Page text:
Tuesday, August 11, 2009



By Geoff Bilau - Angelswin.com Senior Editor

To paraphrase LL Cool J, don't call it a comeback; he's been here for years.

An Angels fan base that has grown increasingly more fickle in recent years, however, seemed to need a reminder that Vladimir Guerrero is still, in fact, their daddy.

Whether due to the more frequent stints on the disabled list, the emergence of younger stars (Kendry Morales) and newer, more exciting faces (Bobby Abreu) or early emotional preparations for what could be Guerrero's final season at the Big A, Angels fans have most definitely distanced themselves from the man who arrived on their doorstep six years ago selling a brand of baseball dominance many had never before witnessed in person.

His freakish hitting skills and sheer jubilation at playing the game of baseball were at once captivating and infectious. You may not have watched every pitch of the game, but you certainly stopped whatever you were doing to watch Guerrero's at-bats.

Already a four-time All-Star during his first seven seasons in the baseball purgatory that was known as Montreal, Guerrero in 2004 unveiled his star into the bright Southern California sun, where all of baseball could finally see it. He led the Angels to their first Western Division title in 18 years and was rewarded with the American League MVP award.

Subsequent seasons brought more division titles, more All-Star appearances, more hardware ... more happy Angels fans.

But then came May 2008. Guerrero was suddenly human, enduring a dreadful slump the likes of which Angels fans had never seen from "Super Vlad." He batted just .219 for the month and for the first time since he arrived in Anaheim was not elected to play in the All-Star Game. Guerrero suddenly looked old. Early critics said his bat had slowed down, that he was unable or unwilling to make adjustments; every third strike on a pitch a foot outside in the dirt further evidence of their claims.

Further compounding matters was a balky knee that made his already awkward running appear almost painful and limited the number of innings that he could play in the field. Was Guerrero's star burning out that quickly, his body doing to him what so many opposing pitchers could not?

Guerrero's second half of 2008, however, seemed to answer that question with a resounding no, as he came storming back with a .330 average and 41 RBI in 56 games.

Last November, Guerrero finally opted to have surgery to clean out scar tissue and debris in the right knee that had bothered him the previous few seasons. He vowed to be stronger and more durable back on two strong legs for 2009.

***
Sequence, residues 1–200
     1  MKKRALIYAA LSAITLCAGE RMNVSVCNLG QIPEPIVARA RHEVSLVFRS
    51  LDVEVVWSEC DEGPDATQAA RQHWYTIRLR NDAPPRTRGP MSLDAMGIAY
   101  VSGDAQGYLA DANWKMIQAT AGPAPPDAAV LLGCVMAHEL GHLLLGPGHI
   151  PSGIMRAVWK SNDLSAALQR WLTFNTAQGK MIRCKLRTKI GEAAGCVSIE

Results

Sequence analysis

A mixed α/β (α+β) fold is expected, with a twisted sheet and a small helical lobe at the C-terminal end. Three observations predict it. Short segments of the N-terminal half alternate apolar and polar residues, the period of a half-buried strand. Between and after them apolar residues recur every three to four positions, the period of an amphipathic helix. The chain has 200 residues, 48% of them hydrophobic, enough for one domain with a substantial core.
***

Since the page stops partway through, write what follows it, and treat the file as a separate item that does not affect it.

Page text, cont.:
"I'm looking forward to it," Guerrero told the Los Angeles Times in February. "Everything feels so good, everything is clean now, but I don't want to predict any numbers for stolen bases or say how I'm going to run in the outfield. I prefer to wait."

Guerrero worked hard and was fit enough to return for Opening Day. It was a brief return, though, as a torn pectoral muscle limited him to one extra base hit through eight games and soon forced him back to the disabled list. When he returned in late May, his struggles came back, as well. He went 26 games without a home run and only four doubles. Meanwhile, Torii Hunter and Chone Figgins were carrying an offense that seemed to be dragging Guerrero along with it. Whispers about the end of his career returned — and grew louder with each game.

As the calendar turned to July, however, Guerrero started to find his groove once more, homering in consecutive games for the first time all season on July 4-5. He even felt good enough to make his first appearance back in the outfield. Two days later, he was back on the DL, this time after tweaking a muscle behind his left knee while fielding a ball in right field.

During the month Guerrero was sidelined (along with Hunter), the Angels offense exploded, averaging better than seven runs per game. Powered by Figgins, Abreu, Morales, Erick Aybar and Maicer Izturis, the Angels lineup became so potent, many wondered if it even still had room for an aging, seemingly broken down former MVP. And when Mike Scioscia inserted Guerrero back in the clean up spot upon his return, the move was called everything from "unwise" to "ridiculous."

Which brings us back to our mislabeled "comeback." In the seven games since his return, Guerrero has batted .357 and clubbed four home runs, including No. 400 of his career, the eventual game-winner on Monday night.

And as the 37,388 fans at the Big A demanded — and received — a curtain call, it appeared that all was right again in Anaheim. Vlad was back. Angels fans not only remembered why they missed him, but perhaps realized for the first time that they really did miss him.

Just don't call it a comeback. It's more like "The Way We Were."
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